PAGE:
DSC06075After a few demoralizing false summits, I am back up in the sky. And, as always, on this captivating island, the views are so worth it. The ochre earth, saturated with recent rains, so bright against the deep blue seas. And finally, I have found a bit of island devoid of tire tracks. A sign reminds me that Starlight Beach is only 3.5 miles away. But it’s not really in my plans. I stop to reconsider, but do not want to tease the ferry – it’s Wednesday and the next boat doesn’t leave Two Harbors until Friday. No need to create a stressful day by power hiking an extra 7 miles with a deadline. Besides, I have nothing to prove (I lie to myself) so this is a good challenge in choosing fun over miles [Update: a year later I regret not doing those last miles. Darn purist ethics or ego or both].DSC06078After a few hours of ups and downs, the trail weaves its way back down to sea level, passing through a public works yard and back to town. I find Hanie at the beach. She seems surprised to see me, assuming I would have caved and added those extra miles instead of coming straight back. Hanie ended up walking with the dude from the beach.  His GPS conforming that the distance by road is closer to 8 miles, the same as by trail. The many signs and mile markers, while reassuring do not feel particularly accurate here.DSC06084 Though the trail is officially 37 miles end to end, we’ve manage to log 43 miles without even tagging the far shore of the island. I nap on the beach in the winter sun, rolled up in the tent against the ocean breeze, food bag and ziplocks strewn about. “That was very hikertrash” declares Hanie when I wake. 

On the ferry ride back to Long Beach, a friendly long-time local answers forty miles of accumulated questions, topped off with bonus stories aplenty. Hanie’s veterinary background makes for easy conversation with a live-off-the-land local. We learn that the many fences were built to assist in managing (read: culling) an out of control population of wild goats and pigs. The first attempt, you see, at machine guns slaughter via helicopter was not entirely successful. So they divided the island into quadrants, which were then meticulously  walked by teams that shot everything in sight. Oh, island life. It’s so gentle and peaceful. Less distressingly, we also learn that the bison are, ironically, one the the genetically purest populations. The original prairie herds where they originated  have since mixed with cattle. So now there’s an exchange program, whereby SoCal bison are deposited into South Dakota winter, and left to puzzle the mystery of the cold white stuff on the ground.

The ferry makes a stop in Avalon, and the sun sets as beautifully as it rose four days ago. A fitting end to a pretty trip with eventful skies.DSC06094

2031 Bridge of the Gods

I sleep in, having bought myself some extra time by making miles last night. And because the alternate is actually a bit shorter than the official trail. I have plenty of time to enjoy the string of magnificent falls along Eagle Creek, each more spectacular than the last. Though every step is blister pain today, raw skin jostled against each rock underfoot, I barely notice with so much to see. There’s Twister falls, spinning off into the abyss; the famous tunnel falls, draped in moss and ferns dripping with mist. No one is here, so I take a million terrible selfies before ceremoniously walking through.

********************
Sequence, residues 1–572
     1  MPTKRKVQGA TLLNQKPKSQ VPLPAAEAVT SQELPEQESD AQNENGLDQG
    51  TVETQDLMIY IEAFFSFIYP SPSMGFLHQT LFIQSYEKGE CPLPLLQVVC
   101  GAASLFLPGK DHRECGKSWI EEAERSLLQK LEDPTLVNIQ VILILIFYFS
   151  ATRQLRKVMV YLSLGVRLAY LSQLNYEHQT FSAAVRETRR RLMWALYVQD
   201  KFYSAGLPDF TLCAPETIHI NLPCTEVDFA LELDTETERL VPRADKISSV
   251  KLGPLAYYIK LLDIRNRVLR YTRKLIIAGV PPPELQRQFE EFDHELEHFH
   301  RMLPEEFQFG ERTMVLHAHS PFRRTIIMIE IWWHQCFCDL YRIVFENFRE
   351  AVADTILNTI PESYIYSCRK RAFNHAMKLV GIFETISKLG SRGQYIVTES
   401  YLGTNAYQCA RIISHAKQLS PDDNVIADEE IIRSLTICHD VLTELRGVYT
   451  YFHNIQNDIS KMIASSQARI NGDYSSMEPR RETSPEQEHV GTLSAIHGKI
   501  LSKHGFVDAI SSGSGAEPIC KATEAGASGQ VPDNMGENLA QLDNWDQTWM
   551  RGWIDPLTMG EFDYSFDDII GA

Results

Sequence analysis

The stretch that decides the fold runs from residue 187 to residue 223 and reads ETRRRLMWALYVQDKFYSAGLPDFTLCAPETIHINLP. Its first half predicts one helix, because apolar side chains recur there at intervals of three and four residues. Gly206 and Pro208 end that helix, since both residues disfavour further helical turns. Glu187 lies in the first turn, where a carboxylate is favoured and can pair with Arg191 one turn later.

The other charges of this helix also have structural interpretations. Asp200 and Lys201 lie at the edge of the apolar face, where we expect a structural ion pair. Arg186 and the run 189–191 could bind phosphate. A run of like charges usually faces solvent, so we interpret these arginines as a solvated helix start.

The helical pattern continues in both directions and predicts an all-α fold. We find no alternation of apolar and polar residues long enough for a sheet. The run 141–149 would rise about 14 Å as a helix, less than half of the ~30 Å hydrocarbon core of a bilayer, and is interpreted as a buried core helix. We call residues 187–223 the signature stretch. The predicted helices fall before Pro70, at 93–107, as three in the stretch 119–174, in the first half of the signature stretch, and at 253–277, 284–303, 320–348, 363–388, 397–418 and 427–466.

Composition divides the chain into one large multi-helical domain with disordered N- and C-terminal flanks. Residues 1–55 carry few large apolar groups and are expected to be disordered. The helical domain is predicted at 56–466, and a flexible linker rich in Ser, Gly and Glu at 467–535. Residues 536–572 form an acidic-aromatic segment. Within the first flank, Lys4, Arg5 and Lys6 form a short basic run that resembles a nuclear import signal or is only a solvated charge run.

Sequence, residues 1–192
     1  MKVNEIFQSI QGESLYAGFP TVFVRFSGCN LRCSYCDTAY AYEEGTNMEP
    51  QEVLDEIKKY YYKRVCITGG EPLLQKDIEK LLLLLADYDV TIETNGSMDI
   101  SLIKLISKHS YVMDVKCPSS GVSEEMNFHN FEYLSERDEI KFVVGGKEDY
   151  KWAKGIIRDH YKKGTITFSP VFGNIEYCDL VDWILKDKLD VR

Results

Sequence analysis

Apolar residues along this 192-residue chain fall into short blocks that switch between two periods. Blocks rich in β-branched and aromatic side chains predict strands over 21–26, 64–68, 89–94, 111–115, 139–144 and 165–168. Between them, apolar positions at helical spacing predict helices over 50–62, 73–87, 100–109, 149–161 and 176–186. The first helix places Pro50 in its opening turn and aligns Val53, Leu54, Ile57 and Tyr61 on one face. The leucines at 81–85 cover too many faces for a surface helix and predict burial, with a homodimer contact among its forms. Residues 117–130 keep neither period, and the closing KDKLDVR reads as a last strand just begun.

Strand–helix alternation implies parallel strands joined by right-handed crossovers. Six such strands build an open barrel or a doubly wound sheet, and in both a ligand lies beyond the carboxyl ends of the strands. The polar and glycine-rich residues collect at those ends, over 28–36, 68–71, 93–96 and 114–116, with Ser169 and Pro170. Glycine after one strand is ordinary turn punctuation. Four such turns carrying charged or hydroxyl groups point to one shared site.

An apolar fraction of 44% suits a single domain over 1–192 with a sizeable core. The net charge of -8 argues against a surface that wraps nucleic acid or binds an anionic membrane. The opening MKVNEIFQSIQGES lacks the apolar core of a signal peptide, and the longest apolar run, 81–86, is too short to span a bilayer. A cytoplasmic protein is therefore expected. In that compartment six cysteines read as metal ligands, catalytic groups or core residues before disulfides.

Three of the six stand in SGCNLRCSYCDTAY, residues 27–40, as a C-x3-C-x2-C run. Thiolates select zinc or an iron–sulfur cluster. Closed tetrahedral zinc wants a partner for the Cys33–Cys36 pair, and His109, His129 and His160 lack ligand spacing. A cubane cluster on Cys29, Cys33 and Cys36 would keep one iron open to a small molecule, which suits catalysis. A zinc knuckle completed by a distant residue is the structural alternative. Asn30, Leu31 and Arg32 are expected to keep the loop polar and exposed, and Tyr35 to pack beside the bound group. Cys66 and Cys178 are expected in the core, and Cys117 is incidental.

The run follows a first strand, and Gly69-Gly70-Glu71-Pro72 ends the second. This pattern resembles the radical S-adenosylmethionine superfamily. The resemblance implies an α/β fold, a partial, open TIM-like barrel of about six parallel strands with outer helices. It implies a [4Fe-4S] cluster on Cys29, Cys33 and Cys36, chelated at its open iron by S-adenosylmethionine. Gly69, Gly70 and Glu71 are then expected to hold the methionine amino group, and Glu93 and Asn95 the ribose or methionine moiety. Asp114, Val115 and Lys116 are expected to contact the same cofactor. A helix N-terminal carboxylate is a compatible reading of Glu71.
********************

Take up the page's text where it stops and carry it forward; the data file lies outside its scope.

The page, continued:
So much of this trail, like the tunnel, is dynamited through the rock face, the kind of aggressive trail making that would never happen here today. Paths blasted from the cliff faces, strung with thick cables to provide handholds between mossy cliff and sheer drop offs. IMG_7708The crowds thicken as I near the trail head, hoards of day hikers at Punchbowl falls, where a day hiker plunged to his death just last week. The falls are mostly obscured by vegetation and he fell after having climbed the safety barrier for a better view.

At the trail head parking lot I rush to use the facilities – there’s been nowhere at all to go, stuck between the cliffs and the crowds. Then the last miles on the paved bike path parallel the river. And during these miles, the tears well up as they do when something so deeply burrowed into your soul is coming to an end, until the Bridge of the Gods makes me cry. The bridge is named for Native American legend-as-oral history, in remembrance of a landslide that once connected these distant banks. Now a lacy expanse of steel spans the river-as-colonial-border. IMG_7759I feel excited and sad, proud and guilty all at once. I’ve made it so far, yet still have that 80ish mile stretch back by Crater Lake tugging at my conscience. This year has been so strange, being on and off trail so much. But I guess that’s to be expected when you attempt a long-distance hike while technically holding on to a full time job. So I head to town to eat my feelings until family arrives to whisk me back to my default life (and the biggest nicoise salad of my dreams), though already I’m dreaming of fall in the Sierra.